San Francisco, California
London, United Kingdom
The 6th Rick Battarbee Lecture will be given by Professor Eric Wolff FRS. Eric is a Royal Society Research Professor in the Department of Earth Sciences at Cambridge University. After graduating as a chemist, he has studied ice cores from the Antarctic and Greenland for the past 30 years, using them to understand changing climate, as well as changing levels of pollution in remote areas. He also carries out research into the chemistry of the lower parts of the Antarctic atmosphere. Until June 2013, he led a programme at the British Antarctic Survey. He chaired the science committee of the European Project for Ice Coring in Antarctica (EPICA), which produced 800,000 year records of climate from the Dome C (Antarctica) ice core and co-chairs the international initiative (IPICS) to coordinate future ice core research. His main research goal is to understand the causes of climate evolution over recent glacial cycles. He was elected as FRS in 2010, and led the Royal Society team in a joint initiative with the National Academy of Sciences on explaining climate science “Climate change: evidence and causes” in 2013. Eric has received a number of accolades in recognition of his work, including the Louis Agassiz Medal of the European Geosciences Union (2009) and the Lyell Medal of the Geological Society of London (2012). He was one of the founding Chief Editors of the journal Climate of the Past.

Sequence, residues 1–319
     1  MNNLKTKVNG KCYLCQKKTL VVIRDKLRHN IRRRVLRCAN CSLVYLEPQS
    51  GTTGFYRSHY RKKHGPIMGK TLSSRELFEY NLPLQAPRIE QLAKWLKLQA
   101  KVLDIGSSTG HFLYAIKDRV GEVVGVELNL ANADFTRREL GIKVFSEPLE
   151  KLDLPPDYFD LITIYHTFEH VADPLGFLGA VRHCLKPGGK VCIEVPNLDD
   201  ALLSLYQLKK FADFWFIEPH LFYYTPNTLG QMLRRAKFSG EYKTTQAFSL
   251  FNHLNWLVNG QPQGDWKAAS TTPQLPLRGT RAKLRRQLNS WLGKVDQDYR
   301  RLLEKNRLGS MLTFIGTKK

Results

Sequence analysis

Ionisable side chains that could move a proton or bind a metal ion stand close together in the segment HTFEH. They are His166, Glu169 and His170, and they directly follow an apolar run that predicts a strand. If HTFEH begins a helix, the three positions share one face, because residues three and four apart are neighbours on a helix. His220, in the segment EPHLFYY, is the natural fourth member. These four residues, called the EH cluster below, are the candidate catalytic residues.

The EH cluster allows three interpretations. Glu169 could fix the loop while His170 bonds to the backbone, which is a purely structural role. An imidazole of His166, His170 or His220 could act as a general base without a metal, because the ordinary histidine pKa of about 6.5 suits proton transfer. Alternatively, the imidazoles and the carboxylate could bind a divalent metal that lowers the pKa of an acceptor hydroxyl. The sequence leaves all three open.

The lecture will be followed by a wine reception (6-7pm)
Ice cores and interglacials
The polar ice sheets hold one of Earth’s great sedimentary records. By drilling ice cores from Greenland and Antarctica, we can obtain ice that fell as snow, extending back so far 800,000 years in Antarctica and over 120,000 years in Greenland. Ice cores contain information about climate and numerous other environmental parameters; crucially the air bubbles trapped in the ice give access to the past composition of the atmosphere, including the greenhouse gas concentrations. In this talk I will first discuss the strengths and weaknesses of ice cores, and then demonstrate how ice cores are collected. I will then present some highlights of recent ice core research, including the information thay have given us about interglacials. This will lead me to a more general discussion about interglacials. They provide examples of warm periods in the past, but where we still have a reasonable amount of information. The last interglacial offers an especially useful example, and I will discuss the issue of estimating what happened to the Antarctic and Greenland ice sheet at a time when sea level appears to have been elevated. Finally I will discuss prospects for obtaining even older ice in the future.